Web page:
Chlamydia trachomatis is the cause for the most common bacterial sexually transmitted disease in the United States. Commonly referred to as a silent epidemic, C. trachomatis infections in women are frequently asymptomatic, and often go unnoticed and untreated. The infection can persist for years and chronic infections ultimately result in pelvic inflammatory disease, ectopic pregnancies, and infertility. Whereas some individuals clear infections with C. trachomatis successfully, others fail to do so. The heterogeneity in the ability of individuals to clear C. trachomatis infections suggests a genetic component underlying the relative resistance to C. trachomatis infections. Our previous unbiased genetic approach led to the identification of Immunity Related GTPase (IRGs) as critical mediators of host resistance to C. trachomatis infections in mice. IRGM proteins, a subfamily of IRGs, exist both in mice and humans and human IRGM can provide resistance to C. trachomatis infections. Importantly, the human IRGM locus is highly polymorphic and has been associated with increased susceptibility to infectious and autoinflammatory diseases. Therefore, the IRGM locus is a strong candidate to be a critical determinant in shaping the outcome of C. trachomatis infections. We are pursuing three interrelated aims to understand how IRGM proteins provide resistance to C. trachomatis infections in mice and humans. (1) We will determine how IRGM proteins orchestrate cell-autonomous resistance pathways targeting C. trachomatis (2) We will define which human IRGM isoforms are responsible for providing resistance to C. trachomatis and whether genetic variants of the human IRGM gene differ in their ability to provide cell-autonomous resistance to C. trachomatis. (3) We will describe IRGM-dependent immune response to C. trachomatis in vivo using novel mouse models. It is hoped that these studies will not only substantially advance our understanding of host responses to C. trachomatis but also facilitate the development of novel immunological and pharmacological strategies to prevent chronic infections with C. trachomatis. !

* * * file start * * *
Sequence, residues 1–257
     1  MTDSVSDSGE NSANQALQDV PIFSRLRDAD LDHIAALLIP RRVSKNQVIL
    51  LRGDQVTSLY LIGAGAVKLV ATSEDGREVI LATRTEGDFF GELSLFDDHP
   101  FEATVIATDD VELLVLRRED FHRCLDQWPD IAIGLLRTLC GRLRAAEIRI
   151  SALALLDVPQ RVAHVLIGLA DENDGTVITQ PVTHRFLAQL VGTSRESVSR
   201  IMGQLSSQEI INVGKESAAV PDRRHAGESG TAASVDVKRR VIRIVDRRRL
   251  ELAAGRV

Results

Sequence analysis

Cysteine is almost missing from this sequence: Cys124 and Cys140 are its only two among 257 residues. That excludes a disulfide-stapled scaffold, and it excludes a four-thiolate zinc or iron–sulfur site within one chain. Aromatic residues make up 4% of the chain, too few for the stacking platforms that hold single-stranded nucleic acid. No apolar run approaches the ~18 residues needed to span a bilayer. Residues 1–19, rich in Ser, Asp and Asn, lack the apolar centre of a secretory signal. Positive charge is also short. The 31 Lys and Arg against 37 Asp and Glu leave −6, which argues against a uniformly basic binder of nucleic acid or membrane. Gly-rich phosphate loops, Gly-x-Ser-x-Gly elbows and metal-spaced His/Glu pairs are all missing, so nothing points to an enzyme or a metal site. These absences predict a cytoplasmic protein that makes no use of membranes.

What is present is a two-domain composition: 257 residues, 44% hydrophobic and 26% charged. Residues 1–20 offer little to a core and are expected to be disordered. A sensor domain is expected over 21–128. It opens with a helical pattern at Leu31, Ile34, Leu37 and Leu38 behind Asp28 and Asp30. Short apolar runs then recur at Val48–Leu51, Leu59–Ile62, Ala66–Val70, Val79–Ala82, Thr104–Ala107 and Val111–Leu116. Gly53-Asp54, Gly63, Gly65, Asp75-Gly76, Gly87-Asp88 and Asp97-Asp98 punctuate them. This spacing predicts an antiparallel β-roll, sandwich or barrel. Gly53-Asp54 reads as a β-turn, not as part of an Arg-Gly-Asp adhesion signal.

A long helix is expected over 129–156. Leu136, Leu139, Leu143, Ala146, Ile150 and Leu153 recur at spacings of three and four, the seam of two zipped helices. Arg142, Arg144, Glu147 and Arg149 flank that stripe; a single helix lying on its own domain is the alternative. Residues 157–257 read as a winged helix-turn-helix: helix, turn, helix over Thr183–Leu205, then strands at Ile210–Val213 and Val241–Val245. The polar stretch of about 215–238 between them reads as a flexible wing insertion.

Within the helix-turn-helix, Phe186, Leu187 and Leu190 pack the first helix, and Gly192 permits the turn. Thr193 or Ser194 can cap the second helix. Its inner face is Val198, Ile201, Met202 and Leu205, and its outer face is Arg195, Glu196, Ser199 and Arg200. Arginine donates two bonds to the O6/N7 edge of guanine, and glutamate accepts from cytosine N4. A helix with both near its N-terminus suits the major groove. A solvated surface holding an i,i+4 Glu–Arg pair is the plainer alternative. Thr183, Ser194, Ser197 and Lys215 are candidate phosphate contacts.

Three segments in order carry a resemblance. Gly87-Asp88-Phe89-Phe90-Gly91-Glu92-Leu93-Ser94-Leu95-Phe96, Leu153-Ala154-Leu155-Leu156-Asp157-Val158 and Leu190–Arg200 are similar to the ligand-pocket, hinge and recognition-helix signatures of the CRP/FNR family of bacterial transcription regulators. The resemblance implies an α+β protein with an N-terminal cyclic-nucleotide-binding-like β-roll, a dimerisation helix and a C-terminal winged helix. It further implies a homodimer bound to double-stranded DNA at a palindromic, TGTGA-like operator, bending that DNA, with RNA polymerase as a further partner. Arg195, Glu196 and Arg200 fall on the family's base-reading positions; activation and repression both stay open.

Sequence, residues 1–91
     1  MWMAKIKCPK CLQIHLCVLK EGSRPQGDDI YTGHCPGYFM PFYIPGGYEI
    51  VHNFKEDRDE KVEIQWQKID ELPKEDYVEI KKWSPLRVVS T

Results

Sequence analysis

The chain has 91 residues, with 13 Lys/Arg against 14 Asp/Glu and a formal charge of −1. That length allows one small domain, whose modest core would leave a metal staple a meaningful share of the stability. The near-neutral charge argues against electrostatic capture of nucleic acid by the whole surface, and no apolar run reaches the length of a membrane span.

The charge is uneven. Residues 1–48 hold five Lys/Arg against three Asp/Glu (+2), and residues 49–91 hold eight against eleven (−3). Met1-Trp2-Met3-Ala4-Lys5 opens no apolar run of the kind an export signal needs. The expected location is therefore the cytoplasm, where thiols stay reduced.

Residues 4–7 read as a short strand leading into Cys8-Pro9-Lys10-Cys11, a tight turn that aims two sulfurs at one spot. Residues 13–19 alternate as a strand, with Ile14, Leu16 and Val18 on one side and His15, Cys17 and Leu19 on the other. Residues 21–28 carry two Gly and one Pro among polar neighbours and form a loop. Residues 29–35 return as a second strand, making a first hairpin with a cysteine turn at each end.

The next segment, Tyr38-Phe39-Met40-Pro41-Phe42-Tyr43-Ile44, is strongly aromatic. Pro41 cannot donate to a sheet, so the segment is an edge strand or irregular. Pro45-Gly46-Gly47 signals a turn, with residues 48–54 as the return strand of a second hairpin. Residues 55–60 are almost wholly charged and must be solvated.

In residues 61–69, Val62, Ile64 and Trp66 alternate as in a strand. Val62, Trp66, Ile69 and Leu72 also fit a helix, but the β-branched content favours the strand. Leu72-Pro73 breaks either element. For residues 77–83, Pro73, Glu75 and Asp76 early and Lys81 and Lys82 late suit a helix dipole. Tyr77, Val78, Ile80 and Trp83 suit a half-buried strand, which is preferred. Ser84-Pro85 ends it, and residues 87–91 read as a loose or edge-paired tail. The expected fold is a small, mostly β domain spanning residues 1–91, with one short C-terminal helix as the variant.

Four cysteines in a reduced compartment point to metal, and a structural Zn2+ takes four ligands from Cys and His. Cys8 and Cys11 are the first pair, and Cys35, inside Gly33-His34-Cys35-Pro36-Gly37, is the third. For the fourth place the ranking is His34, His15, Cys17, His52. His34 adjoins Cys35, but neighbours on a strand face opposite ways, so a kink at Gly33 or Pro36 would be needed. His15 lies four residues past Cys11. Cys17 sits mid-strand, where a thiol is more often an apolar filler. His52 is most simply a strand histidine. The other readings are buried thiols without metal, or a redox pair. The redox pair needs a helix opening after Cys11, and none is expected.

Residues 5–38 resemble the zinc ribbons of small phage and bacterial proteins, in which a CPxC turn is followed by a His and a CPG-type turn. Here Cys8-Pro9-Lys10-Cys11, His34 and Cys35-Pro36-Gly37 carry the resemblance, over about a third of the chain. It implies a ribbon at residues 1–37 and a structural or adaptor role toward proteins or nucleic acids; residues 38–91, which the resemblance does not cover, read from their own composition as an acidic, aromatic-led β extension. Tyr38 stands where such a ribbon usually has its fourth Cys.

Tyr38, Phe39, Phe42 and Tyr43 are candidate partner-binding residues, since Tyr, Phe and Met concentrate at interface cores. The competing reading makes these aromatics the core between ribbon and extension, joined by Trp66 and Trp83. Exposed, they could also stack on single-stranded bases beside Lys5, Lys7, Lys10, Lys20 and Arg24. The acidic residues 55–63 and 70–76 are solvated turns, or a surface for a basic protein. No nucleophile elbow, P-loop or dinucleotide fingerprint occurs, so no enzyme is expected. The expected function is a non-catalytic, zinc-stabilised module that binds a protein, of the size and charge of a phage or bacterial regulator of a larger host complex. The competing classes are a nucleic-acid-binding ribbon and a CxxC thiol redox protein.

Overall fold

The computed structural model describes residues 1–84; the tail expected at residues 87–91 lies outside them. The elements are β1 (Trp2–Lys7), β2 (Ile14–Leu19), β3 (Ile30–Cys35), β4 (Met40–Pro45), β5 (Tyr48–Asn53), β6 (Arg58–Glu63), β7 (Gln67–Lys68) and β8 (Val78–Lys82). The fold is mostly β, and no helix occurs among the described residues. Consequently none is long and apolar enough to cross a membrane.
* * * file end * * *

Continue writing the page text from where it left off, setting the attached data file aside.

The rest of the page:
Public Health Relevance

Human individuals differ dramatically in their ability to clear infections with the most common sexually transmitted bacterial pathogen, Chlamydia trachomatis, one of the leading causes for pelvic inflammatory disease and infertility in women. The immune mechanisms that distinguish a successful from a failed host response to Chlamydia are unknown. This application focuses on understanding how a cell-signaling molecule called Interferon-gamma instructs infected cells to restrict growth of Chlamydia through the action of highly variable gene named IRGM. Our findings will have implications for the design of Chlamydia vaccines and novel therapeutic strategies.

Agency
National Institute of Health (NIH)
Institute
National Institute of Allergy and Infectious Diseases (NIAID)
Type
Research Project (R01)
Project #
5R01AI103197-02
Application #
8660614
Study Section
Host Interactions with Bacterial Pathogens Study Section (HIBP)
Program Officer
Hiltke, Thomas J
Project Start
2013-05-15
Project End
2018-04-30
Budget Start
2014-05-01
Budget End
2015-04-30
Support Year
2
Fiscal Year
2014
Total Cost
$392,500
Indirect Cost
$142,500
Name
Duke University
Department
Genetics
Type
Schools of Medicine
DUNS #
044387793
City
Durham
State
NC
Country
United States
Zip Code
27705
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